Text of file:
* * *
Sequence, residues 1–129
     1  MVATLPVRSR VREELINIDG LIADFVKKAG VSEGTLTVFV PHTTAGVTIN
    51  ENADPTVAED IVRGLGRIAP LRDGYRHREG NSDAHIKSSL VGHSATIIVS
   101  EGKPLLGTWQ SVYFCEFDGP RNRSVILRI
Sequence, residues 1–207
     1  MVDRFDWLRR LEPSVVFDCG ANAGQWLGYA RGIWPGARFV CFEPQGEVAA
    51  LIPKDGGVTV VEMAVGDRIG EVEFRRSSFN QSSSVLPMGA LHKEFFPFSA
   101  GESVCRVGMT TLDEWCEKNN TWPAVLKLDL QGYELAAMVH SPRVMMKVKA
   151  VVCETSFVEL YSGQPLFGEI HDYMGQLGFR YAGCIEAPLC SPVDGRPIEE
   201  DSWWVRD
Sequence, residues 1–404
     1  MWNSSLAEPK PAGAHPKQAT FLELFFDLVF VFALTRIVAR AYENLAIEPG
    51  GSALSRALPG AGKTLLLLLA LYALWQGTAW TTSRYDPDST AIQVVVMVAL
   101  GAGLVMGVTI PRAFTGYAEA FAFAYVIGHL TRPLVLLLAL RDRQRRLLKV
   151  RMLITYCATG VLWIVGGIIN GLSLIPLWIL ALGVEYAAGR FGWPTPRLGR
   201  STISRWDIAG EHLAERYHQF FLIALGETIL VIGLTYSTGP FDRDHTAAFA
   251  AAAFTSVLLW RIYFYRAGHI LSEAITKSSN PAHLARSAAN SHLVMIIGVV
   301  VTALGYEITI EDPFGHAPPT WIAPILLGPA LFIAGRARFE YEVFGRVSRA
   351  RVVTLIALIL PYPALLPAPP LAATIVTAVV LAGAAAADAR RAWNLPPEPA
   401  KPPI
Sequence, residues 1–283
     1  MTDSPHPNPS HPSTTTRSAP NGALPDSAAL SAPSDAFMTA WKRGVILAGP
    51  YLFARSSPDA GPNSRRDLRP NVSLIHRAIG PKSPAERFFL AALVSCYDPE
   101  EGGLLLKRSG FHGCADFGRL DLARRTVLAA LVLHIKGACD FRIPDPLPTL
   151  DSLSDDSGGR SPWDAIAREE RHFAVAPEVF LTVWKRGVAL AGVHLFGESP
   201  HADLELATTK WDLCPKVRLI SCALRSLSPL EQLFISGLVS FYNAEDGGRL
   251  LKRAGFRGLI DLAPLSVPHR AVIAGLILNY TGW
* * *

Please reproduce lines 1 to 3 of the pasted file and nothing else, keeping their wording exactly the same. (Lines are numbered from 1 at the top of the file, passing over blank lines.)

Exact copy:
Sequence, residues 1–129
     1  MVATLPVRSR VREELINIDG LIADFVKKAG VSEGTLTVFV PHTTAGVTIN
    51  ENADPTVAED IVRGLGRIAP LRDGYRHREG NSDAHIKSSL VGHSATIIVS